Thursday, March 10, 2011

8.9 Earthquake in Japan

We are learning more about a massive quake in Japan, with an estimated magnitude of 8.9 offshore of Sendai, Honshu. A major tsunami has been generated and the cable news shows are showing aerial shots of an extraordinary wave spreading across agricultural fields, overwhelming roads and villages. From the maps, it appears that the quake was generated in the subduction zone on the Pacific side. There is a good chance that a tsunami could be spreading through the Pacific, but I have not heard any confirmation. I would only say that if the authorities issue a warning, take it seriously and get to a safe place.

The most stunning aspect so far has been the aerial perspective of the tsunami spreading across the landscape. The 2004 tsunami in Indonesia was documented better than any previous event, but I don't recall seeing any aerial shots like this. Tsunamis are not really waves, they are surges of water that rush inland at speeds sometimes approaching 100 mph. The surge picks up debris and uses it as a battering ram. It is terrifying to see.

The TV commentators are starting to get up to speed, but for the best information from seismologists, check out the U.S. Geological Survey here. They have links to the current tsunami conditions in the Pacific basin.

My night class watched the 7.2 quake on Tuesday on our teaching seismograph, and I assume it was a foreshock to this event. Ironically, the subject of the day in my physical geology class was the types of damage caused by quakes. We mentioned tsunamis...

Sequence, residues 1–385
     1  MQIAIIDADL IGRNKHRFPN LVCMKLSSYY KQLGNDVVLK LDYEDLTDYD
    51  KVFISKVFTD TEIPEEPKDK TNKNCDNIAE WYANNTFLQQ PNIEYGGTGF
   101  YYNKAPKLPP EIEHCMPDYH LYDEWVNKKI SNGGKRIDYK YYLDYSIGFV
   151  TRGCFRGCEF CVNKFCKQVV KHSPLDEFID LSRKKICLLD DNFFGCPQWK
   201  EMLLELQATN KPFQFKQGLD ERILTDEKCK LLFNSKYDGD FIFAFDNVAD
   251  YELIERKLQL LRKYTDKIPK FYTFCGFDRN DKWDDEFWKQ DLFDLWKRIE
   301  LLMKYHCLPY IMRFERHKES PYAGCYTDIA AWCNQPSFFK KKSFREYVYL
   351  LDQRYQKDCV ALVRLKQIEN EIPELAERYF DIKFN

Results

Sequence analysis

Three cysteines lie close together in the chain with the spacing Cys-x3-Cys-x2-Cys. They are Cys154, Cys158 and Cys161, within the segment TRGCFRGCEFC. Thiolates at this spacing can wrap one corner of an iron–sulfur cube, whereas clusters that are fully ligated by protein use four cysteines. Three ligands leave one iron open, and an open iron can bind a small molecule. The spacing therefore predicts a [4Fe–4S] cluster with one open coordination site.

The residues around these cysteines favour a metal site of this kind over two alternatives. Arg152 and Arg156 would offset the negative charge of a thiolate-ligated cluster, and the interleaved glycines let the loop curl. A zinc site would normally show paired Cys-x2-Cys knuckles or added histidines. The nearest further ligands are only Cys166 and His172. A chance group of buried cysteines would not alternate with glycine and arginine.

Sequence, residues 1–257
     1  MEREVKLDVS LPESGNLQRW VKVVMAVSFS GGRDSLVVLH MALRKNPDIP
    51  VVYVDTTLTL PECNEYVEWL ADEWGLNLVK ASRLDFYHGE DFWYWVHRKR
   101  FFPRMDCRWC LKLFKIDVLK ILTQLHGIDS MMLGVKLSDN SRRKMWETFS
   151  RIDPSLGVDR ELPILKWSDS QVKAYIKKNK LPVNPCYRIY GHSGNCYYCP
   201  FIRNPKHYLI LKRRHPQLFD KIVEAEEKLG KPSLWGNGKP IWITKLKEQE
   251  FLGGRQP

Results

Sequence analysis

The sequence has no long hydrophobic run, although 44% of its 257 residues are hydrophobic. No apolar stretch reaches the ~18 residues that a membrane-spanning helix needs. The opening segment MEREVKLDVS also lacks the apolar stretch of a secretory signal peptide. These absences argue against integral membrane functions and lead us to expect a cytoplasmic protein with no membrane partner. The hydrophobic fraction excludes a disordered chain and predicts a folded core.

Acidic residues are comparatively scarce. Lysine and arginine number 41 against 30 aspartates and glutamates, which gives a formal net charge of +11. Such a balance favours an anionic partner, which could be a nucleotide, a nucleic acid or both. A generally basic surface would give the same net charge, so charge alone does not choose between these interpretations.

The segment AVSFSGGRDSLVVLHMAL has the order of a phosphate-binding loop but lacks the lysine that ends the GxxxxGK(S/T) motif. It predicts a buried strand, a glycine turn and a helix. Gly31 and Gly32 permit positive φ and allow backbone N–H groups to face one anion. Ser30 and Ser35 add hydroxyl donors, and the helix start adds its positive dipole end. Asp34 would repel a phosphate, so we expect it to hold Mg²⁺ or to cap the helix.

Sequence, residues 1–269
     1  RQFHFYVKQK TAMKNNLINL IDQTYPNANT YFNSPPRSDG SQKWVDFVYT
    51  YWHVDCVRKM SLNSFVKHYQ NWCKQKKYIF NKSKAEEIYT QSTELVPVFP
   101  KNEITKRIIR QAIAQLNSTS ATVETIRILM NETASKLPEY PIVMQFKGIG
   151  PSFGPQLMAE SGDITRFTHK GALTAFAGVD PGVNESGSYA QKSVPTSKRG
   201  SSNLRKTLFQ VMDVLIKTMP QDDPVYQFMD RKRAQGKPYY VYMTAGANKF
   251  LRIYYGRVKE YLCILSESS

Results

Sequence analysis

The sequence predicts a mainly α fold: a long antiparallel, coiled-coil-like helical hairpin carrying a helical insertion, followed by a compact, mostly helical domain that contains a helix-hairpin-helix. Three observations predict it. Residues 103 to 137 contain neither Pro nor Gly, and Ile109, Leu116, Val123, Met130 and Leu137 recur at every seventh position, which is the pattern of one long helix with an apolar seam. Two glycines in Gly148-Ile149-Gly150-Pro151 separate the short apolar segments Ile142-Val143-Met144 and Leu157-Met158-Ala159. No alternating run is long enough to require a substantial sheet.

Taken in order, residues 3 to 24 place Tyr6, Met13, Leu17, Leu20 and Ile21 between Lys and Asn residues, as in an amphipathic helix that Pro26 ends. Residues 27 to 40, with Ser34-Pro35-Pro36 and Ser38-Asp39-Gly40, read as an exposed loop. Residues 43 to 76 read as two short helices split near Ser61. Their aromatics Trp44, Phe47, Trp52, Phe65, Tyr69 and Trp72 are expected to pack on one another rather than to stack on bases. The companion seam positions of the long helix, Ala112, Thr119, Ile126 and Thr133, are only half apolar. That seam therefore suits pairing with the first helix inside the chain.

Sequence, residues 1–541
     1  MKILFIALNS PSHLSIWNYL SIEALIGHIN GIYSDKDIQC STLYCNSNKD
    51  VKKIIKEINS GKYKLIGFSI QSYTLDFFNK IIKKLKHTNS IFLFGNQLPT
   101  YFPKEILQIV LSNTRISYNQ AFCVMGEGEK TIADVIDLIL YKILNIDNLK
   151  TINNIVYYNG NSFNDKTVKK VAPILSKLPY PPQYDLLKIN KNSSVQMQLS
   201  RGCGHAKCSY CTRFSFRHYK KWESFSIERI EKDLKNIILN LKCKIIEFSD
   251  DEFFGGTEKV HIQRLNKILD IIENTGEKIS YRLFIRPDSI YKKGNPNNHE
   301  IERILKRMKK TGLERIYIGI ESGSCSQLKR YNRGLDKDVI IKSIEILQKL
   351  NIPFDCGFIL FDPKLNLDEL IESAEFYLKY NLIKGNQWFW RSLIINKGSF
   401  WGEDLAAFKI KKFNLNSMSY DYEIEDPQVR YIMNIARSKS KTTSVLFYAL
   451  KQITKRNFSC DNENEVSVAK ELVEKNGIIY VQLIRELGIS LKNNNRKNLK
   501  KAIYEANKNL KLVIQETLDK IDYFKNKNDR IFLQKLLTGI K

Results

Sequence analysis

I pray for those in the path of the devastation.

UPDATE #1: A tsunami watch has been issued for the Hawaiian Islands. If a wave has been generated, it will arrive about 3 am Hawaii time.

UPDATE #2: The tsunami watch has been upgraded to a tsunami warning in Hawaii. Please take it seriously. The waves, if any, will reach the coast of California and Oregon around 7-7:30 am local time. At that distance, I don't expect much, but things can change overnight.

UPDATE #3: If 8.9 magnitude becomes official, this is the 5th largest quake in the world since 1900. Chile 1960, 9.5; Alaska 1964, 9.2; Sumatra 2004, 9.1; Kamchatka, Russia, 1952, 9.0. I finally hear an MSNBC commentator get the energy numbers right: the difference in energy between this and the Haiti quake at 7.0 is closer to 1,000 times, not 100 times. The equivalent of 1,000 Haiti quakes just hit offshore of Japan.

UPDATE #4: A tsunami watch has been announced for the coast of California. Take it seriously if you live in coastal areas. If it comes, it will arrive around 7:30-7:45 am in the morning. Listen for official warnings and obey them! Don't do the California thing and wander down to the beach to look for it.

UPDATE #5: The Pacific Coast is now under a tsunami warning, with expected wave heights of 3 feet or so, arriving around 8 in the morning depending on location. Take it seriously; if you are on the beach, you could easily be swept away by such waves. Follow official warnings; emergency personnel know what they are doing!

UPDATE #6: Some damage is now being reported in California as surges of water hit Crescent City and other coastal towns. Damage is "significant", not major, mostly along the lines of boats being jostled and ripped from moorings. I'm hearing of waves 5-6 feet high along parts of the California coast, and of 8 foot waves in Hawaii. 11 people were killed at Crescent City in 1964 from a tsunami of 12 feet, in part because they didn't realize the waves come in groups, and the first wave is not necessarily the largest. It is a cautionary tale for all the people rushing out to the beach to "see the tsunami". It might not be a good idea to become, literally, part of the story. Stay out of coastal areas until an "all clear" signal is given.

UPDATE #7: Silver Fox at Looking for Detachment has a list of the geoblogosphere's response to the Japan earthquake here.

UPDATE #8: Both the USGS and Japanese geologists have upgraded the magnitude of the quake to 9.0, making it the 4th largest ever recorded.
Post a Comment